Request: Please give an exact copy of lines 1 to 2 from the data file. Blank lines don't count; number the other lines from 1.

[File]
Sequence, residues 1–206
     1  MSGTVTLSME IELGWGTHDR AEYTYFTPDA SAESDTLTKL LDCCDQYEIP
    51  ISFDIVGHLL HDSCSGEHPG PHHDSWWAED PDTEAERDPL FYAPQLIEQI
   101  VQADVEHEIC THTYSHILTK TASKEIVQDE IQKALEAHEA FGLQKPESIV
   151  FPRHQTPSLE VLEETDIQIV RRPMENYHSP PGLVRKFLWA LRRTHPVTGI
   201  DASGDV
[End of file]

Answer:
Sequence, residues 1–206
     1  MSGTVTLSME IELGWGTHDR AEYTYFTPDA SAESDTLTKL LDCCDQYEIP